cmeyer25
    Pro
    Bellingham, WA

    Thanks for the help and encouragement @ronw, that’s one of the things I love about BTP, if I get in a pickle or want some advice, there’s almost always someone on here with a good perspective.

    Charlie
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    #605934

    theamcguy
    Pro
    Fayetteville, NC

    Sounds to me like there is a restriction somewhere in the drain line. Being it just started to happen.

    Yeah aren’t dishwashers required to have a separate drain?

    Automotive Pro
    Fayetteville, NC

    #605973

    RonW
    Pro
    Holladay, Tn

    Sounds to me like there is a restriction somewhere in the drain line. Being it just started to happen.

    Yeah aren’t dishwashers required to have a separate drain?

    No sir. They typically connect to the sink drain.

    Ron

    A Working Pro since 1994!

    Member since March 26, 2014.

    #605994

    cmeyer25
    Pro
    Bellingham, WA

    @theamcguy mine looked like the picture on the right. The clog was right at the branch tail which made it all back up to where the arrow points at the manufacturer required loop, and all over the counter.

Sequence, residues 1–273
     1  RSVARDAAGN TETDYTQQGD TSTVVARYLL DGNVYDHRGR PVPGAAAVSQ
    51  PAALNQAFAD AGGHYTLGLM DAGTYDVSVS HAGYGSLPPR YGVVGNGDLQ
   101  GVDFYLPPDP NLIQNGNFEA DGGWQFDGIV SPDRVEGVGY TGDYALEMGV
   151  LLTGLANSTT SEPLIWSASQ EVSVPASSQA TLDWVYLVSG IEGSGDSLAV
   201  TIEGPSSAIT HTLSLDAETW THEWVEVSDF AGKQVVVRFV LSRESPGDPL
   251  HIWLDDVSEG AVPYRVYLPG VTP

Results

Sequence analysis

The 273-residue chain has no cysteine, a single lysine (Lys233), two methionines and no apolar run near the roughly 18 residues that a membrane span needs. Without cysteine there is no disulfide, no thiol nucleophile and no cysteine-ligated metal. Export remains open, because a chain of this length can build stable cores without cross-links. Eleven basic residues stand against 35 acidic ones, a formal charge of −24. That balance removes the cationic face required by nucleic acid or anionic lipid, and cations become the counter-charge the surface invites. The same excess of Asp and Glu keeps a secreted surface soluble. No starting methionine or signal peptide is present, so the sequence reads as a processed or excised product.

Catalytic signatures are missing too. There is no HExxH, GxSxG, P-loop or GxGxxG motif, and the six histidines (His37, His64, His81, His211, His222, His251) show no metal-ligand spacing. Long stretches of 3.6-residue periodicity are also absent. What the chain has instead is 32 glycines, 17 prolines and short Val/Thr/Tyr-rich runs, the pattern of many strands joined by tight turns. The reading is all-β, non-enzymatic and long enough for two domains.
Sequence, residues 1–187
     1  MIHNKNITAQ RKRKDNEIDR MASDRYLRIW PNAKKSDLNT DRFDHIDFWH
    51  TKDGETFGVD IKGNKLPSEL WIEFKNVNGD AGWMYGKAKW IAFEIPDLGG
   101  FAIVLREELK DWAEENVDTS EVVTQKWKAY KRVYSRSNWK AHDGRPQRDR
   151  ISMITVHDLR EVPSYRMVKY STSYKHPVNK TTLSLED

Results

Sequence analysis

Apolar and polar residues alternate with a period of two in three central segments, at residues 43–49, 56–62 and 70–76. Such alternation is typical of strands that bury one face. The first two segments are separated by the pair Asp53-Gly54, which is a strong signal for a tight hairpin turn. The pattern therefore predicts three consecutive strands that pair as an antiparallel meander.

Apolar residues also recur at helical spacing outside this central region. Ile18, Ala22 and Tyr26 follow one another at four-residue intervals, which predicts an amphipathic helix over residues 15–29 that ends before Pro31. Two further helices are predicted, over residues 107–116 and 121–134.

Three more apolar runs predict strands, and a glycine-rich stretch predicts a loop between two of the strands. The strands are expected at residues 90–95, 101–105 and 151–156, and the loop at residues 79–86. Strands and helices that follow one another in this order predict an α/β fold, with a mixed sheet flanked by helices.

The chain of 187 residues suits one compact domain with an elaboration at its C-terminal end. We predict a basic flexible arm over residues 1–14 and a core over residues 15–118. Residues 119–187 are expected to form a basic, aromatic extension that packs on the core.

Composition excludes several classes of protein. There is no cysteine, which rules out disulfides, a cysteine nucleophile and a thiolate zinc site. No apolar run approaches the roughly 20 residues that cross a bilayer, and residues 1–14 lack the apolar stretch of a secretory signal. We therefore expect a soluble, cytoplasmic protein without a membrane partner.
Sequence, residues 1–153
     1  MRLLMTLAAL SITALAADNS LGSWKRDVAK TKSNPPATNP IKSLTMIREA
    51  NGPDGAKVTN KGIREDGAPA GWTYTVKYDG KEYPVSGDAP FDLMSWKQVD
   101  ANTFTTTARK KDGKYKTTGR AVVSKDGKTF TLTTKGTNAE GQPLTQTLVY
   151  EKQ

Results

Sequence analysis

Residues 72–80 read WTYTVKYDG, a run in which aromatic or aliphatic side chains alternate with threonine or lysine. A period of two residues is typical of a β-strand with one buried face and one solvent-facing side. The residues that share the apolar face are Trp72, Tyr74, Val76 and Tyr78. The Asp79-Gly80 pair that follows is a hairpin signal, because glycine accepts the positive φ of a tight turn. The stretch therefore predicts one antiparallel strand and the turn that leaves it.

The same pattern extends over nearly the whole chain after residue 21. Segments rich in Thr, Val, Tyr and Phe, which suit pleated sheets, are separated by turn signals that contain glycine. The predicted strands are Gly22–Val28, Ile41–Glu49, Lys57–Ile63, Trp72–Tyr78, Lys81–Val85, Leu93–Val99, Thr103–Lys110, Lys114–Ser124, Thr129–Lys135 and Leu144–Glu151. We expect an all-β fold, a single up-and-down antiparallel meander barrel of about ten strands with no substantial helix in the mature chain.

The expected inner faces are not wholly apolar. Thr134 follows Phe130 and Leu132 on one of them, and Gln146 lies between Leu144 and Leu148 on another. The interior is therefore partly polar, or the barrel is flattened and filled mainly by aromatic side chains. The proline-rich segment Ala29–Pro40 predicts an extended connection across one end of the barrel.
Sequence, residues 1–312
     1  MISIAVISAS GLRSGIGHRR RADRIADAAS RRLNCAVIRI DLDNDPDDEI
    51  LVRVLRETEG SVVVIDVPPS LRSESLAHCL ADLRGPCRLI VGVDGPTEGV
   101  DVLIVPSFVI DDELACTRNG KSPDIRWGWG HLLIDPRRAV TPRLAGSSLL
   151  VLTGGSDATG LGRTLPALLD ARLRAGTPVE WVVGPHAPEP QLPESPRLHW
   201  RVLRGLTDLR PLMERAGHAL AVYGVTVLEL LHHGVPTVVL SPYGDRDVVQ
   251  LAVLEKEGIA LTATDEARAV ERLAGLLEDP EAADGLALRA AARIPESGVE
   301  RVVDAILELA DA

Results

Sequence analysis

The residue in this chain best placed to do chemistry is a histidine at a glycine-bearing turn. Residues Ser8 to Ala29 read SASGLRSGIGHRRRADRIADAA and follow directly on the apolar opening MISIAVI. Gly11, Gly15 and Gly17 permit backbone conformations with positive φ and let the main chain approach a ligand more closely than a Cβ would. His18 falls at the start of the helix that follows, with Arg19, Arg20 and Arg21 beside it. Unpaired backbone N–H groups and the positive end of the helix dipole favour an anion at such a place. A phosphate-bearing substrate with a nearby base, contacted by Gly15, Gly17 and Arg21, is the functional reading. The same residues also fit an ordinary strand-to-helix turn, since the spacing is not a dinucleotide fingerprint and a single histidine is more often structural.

Charlie
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    #606013

    Good job charlie…I didn’t see the thread until just now. But looks like you solved it.

    So a loop with or without a vent is required by all manufacturers or only a few?
    The drain line from our dishwasher goes straight to the food disposal. No vents or whatsoever.

    "If you're going to do something, do it right the first time"
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    Palm Springs, CA

    #606016

    cmeyer25
    Pro
    Bellingham, WA

    @madman_us I would think that, if you’re feeding into the garbage disposal, the opening from your sink is big enough that it acts as a vent for the line and doesn’t need the loop, but I don’t know for sure – we have a commercial garbage disposal at work and it’s hooked directly to the drain line, but the opening is pig enough to stick my fist into, so I would imagine there’s plenty of air flow.

    What do you think @ronw? Also, is it just that that formation is required for the pipe, or is a vent required? The diagram doesn’t mention a vent at all, just that the hose is supposed to have a “loop” in it.

    Charlie
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    #606071

    RonW
    Pro
    Holladay, Tn

    What do you think ronw? Also, is it just that that formation is required for the pipe, or is a vent required? The diagram doesn’t mention a vent at all, just that the hose is supposed to have a “loop” in it.

    Air gaps are really outdated in my option.
    The purpose of the air gap is too prevent back-flow and siphoning. New dishwashers have back flow preventers built in and looping the drain hose prevents siphoning.

    Ron

    A Working Pro since 1994!

    Member since March 26, 2014.

    #606101

    Thanks for the explanation. That definitely clears things up.
    I was always curious why some kitchens have the vent and some don’t